THE campaign for arguably the most fascinating local election to be fought in Limerick for generations is well and truly under way.
For several weeks now, the Leader has been bringing readers the latest twists and turns as candidates are selected, or in some cases rejected. Some long-standing local representatives are leaving the stage, several of whom have performed admirable service for their communities. It would be unfair to single out some at the expense of others, but suffice to say that a few of those bowing out would have every chance of winning a seat in the joint local authority, while for others the increased difficulty of getting elected in the new and enlarged local areas has perhaps made the decision for them.
Sadly, health issues have also taken a heavy toll and we have seen even the death of one would-be candidate who seemed destined to cause a stir or two, the late and colourful garage owner Mick Daly.
Perhaps the most intriguing aspect of the current clamour to get on the ballot paper is the enduring lure of politics for Limerick people. It seems to matter not a whit that the public’s disenchantment with politicians has reached new levels in these recessionary times. Politics is a drug and when it has you in its grip, resistance is usually futile. It can also, of course, be something of a blood sport. Take the case of the bright young barrister Emmett O’Brien, a leading light in his Pallaskenry community and until recently a Fianna Fail loyalist with his eye on a seat in the Adare Rathkeale local area.
Amid claims of betrayal on the party of the Fianna Fail hierarchy at national level – and following a selection contest that saw him lose out to that wily old campaigner Kevin Sheahan – Mr O’Brien has decided to take the Independent route rather than fold his tent. It is a path often taken and sometimes it leads on to good fortune. In any eventuality, we welcome his decision because each of the new Limerick local areas deserves a list of candidates that offers choice, that boasts proven experience as well as the potential of youth.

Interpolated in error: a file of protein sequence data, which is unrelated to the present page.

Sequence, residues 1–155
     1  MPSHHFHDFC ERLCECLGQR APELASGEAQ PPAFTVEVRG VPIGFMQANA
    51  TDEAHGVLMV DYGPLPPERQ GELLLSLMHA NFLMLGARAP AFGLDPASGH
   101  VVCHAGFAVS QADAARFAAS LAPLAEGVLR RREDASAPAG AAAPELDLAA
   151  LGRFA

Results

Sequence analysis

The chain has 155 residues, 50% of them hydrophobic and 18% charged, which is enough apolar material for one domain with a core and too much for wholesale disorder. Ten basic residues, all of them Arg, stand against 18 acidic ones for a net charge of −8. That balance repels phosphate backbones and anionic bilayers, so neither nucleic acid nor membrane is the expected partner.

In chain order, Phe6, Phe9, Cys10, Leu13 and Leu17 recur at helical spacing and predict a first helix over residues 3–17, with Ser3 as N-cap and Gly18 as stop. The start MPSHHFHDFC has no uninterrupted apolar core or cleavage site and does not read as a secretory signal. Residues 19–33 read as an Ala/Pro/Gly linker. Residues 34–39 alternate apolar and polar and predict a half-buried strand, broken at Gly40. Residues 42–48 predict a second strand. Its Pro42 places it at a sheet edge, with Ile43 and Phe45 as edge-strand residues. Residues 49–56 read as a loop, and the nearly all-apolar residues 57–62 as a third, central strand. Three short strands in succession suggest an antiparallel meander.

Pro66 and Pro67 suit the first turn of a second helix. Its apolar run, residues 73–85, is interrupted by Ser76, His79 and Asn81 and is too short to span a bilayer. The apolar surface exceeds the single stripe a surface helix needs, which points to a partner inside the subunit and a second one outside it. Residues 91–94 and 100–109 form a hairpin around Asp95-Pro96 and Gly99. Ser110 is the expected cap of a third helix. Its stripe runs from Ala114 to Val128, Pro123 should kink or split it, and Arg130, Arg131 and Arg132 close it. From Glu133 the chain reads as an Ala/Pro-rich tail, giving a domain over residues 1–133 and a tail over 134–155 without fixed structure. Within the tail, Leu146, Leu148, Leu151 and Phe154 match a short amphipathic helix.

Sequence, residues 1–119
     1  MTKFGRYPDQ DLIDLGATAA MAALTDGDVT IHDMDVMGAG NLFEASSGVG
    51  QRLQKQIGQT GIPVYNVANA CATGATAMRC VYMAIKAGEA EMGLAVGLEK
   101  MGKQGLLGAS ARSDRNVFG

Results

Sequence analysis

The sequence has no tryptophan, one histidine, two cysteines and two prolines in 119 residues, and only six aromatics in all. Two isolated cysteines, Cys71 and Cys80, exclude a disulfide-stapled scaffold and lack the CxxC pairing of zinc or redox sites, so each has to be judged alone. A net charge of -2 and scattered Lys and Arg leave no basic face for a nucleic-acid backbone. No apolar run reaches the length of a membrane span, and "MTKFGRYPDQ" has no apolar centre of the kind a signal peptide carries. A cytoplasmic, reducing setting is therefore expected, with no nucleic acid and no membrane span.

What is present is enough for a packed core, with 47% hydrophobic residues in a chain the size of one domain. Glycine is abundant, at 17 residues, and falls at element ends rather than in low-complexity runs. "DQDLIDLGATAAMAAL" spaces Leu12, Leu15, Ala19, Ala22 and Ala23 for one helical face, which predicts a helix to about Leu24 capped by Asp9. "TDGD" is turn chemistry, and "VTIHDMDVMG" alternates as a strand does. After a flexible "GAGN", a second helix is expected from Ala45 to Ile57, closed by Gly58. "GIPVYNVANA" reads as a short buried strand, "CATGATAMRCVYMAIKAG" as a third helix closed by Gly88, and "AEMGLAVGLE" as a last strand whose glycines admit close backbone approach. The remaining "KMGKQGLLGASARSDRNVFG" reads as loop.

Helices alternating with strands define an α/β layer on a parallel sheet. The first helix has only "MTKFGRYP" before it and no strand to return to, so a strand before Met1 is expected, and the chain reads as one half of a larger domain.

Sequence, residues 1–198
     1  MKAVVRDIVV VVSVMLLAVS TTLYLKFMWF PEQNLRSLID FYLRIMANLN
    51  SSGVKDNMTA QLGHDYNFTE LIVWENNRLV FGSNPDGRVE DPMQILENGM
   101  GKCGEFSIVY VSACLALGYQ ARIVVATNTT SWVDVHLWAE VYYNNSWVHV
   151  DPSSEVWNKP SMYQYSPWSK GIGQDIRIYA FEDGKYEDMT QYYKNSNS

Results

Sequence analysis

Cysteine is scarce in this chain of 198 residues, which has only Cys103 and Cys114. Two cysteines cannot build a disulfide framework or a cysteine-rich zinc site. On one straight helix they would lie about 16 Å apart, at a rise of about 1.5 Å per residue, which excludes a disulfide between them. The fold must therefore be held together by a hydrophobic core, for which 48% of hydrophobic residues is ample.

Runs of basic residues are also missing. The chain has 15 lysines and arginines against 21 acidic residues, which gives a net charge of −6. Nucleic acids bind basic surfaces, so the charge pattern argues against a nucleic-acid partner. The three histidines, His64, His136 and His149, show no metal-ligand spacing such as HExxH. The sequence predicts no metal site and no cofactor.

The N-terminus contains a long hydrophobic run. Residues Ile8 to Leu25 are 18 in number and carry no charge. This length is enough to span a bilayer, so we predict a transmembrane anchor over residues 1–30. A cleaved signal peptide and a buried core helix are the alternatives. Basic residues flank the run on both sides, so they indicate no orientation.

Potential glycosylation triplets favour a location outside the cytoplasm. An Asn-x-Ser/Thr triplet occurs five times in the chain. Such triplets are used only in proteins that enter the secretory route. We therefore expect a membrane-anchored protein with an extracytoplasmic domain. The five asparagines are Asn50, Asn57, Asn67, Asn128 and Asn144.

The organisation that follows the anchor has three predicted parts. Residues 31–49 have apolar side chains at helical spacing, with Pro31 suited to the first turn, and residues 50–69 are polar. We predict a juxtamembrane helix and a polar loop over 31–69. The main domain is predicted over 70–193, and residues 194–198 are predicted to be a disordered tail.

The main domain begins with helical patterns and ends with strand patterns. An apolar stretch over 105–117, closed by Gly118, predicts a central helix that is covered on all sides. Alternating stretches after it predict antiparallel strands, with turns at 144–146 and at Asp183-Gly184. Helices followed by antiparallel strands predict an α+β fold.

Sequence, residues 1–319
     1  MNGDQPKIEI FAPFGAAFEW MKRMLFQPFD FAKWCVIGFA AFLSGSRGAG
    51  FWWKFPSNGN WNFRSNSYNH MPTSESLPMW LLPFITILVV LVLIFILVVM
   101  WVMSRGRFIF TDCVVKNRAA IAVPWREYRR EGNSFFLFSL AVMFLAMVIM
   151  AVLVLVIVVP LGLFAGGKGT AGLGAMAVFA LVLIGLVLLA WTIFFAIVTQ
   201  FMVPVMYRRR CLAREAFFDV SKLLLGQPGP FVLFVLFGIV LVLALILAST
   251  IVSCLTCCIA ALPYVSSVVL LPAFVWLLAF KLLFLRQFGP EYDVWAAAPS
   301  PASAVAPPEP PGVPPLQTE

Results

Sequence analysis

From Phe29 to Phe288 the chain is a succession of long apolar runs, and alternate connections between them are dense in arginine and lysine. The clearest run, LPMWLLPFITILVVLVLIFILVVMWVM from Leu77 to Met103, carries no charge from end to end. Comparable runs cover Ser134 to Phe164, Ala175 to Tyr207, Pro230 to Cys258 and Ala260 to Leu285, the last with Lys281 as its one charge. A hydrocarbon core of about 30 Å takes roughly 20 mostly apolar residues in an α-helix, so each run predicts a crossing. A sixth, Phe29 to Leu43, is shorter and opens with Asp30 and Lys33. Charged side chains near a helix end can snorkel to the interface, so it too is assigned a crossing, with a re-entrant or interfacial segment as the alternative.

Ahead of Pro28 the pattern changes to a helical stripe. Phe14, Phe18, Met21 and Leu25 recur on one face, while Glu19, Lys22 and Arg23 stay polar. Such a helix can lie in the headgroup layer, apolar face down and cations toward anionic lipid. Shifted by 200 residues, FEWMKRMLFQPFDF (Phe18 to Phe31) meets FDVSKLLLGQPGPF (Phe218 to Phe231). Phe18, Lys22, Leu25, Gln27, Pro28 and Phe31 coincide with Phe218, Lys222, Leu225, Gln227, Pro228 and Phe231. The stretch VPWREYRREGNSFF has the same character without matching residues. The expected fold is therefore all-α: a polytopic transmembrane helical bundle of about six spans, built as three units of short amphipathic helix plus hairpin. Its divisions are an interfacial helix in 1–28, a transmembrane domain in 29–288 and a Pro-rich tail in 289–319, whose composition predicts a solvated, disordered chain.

Thankfuly for those of us who will never take the giant step of putting ourselves before the people, the magical prospect of being given a mandate, of being declared elected by the returning officer, will never lose its appeal locally.
Nor should it, because while some local councillors elected last time around have made a meagre contribution to public life, the opportunity presented by the all-Limerick authority demands that high-quality individuals put themselves forward. The next five years will be absolutely critical in determining whether the tangible but still modest improvements Limerick has seen in recent times are not just sustained, but are brought to a new level. In particular, the recovery of the city centre – a topic with which readers of this column will be deeply familiar – must take precedence.
Candidates who can see this bigger picture, while also working hard in the interests of communities which may be a long way from Limerick city – deserve be favourably considered when the time comes to put a No 1 vote on that ballot paper.